A European effort to update international tax rules has met suchstiff opposition from the United States that some governmentssupport waiting until after the American presidential election totry to finalize negotiations, according to an official familiarwith the discussions.

Attempts to create a global minimum corporate tax and to givecountries more latitude to impose levies on large multinationaltech companies have already been delayed, but the push may stand abetter chance of success next year should Democrat Joe Biden win inNovember, said two European officials, who asked not to be nameddiscussing internal deliberations.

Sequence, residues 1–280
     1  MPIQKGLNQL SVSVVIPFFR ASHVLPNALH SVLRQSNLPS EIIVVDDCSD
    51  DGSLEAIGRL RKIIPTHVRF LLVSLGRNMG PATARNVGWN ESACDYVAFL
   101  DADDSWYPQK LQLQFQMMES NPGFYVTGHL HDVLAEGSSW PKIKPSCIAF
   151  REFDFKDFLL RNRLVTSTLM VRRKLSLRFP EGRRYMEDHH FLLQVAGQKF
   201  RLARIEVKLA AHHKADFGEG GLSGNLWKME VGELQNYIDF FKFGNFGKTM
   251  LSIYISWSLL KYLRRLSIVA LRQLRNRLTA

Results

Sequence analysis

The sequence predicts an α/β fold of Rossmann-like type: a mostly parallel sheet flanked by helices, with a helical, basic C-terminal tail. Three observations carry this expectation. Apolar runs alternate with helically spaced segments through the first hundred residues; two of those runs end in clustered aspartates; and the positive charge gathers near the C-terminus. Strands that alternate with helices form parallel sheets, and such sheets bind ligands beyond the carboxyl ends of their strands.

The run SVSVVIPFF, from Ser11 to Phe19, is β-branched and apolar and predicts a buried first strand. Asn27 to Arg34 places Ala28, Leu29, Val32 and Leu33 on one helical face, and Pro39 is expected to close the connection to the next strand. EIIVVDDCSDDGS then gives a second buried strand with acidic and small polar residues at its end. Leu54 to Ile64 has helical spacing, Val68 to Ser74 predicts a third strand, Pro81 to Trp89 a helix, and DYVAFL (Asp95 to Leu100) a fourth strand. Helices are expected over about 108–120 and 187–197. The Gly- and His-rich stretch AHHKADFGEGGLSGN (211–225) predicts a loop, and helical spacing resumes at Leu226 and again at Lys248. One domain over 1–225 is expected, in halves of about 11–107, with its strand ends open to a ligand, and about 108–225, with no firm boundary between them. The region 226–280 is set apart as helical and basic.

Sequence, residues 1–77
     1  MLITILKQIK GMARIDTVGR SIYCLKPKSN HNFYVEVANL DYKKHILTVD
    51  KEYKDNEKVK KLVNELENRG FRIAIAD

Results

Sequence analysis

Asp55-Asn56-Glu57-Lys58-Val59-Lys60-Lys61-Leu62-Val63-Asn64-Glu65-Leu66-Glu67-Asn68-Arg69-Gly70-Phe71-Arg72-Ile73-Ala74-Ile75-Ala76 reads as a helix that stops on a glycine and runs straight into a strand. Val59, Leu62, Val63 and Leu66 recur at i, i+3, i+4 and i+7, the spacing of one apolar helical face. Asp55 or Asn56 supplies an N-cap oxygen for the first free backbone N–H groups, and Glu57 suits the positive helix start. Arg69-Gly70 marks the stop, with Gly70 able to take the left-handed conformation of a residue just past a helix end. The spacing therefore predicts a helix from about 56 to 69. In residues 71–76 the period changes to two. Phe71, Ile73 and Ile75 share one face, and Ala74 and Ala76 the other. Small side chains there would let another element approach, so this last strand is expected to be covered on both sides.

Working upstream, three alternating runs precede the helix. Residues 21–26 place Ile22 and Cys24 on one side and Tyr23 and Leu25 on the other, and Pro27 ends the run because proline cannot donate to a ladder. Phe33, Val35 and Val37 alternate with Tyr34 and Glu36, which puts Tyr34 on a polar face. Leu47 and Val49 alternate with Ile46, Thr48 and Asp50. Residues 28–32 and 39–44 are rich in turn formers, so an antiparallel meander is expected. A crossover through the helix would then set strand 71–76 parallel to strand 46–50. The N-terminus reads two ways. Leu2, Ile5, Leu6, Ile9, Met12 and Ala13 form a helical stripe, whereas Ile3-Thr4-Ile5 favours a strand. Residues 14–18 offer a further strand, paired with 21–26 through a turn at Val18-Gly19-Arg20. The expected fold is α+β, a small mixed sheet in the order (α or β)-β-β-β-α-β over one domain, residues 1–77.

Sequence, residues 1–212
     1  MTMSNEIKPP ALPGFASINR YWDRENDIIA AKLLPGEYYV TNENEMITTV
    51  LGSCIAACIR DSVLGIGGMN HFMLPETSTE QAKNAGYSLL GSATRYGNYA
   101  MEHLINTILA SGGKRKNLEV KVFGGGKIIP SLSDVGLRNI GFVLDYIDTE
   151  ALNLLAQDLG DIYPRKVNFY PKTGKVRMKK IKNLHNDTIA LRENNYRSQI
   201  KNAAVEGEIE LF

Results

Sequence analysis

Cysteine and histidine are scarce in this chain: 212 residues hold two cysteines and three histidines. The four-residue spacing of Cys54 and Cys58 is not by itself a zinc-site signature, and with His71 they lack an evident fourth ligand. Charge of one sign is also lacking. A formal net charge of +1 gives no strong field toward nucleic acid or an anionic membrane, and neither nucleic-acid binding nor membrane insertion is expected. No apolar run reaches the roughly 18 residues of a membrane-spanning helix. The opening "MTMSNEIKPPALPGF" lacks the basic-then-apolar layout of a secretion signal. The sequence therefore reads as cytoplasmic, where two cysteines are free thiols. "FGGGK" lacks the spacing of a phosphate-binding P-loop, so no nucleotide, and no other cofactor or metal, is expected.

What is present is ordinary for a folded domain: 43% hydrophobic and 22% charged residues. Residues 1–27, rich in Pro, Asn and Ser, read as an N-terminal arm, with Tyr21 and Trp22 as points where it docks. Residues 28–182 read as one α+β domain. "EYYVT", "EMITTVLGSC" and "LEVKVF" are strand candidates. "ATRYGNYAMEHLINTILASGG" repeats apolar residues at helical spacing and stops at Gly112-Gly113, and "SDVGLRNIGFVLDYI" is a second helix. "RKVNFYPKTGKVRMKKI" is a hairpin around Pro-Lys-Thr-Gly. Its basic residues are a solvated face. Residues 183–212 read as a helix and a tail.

President Donald Trump has disrupted trans-Atlantic relationsduring his three and a half years in office, calling the EuropeanUnion worse than China when it comes to trade and announcing a planthis week to withdraw 12,000 troops from Germany after repeatedlyhectoring the ally over its defense spending. With the electionless than 100 days away and Trump trailing in national polls,leaders are weighing whether sensitive negotiations may face fewerobstacles if a new administration takes office in January.

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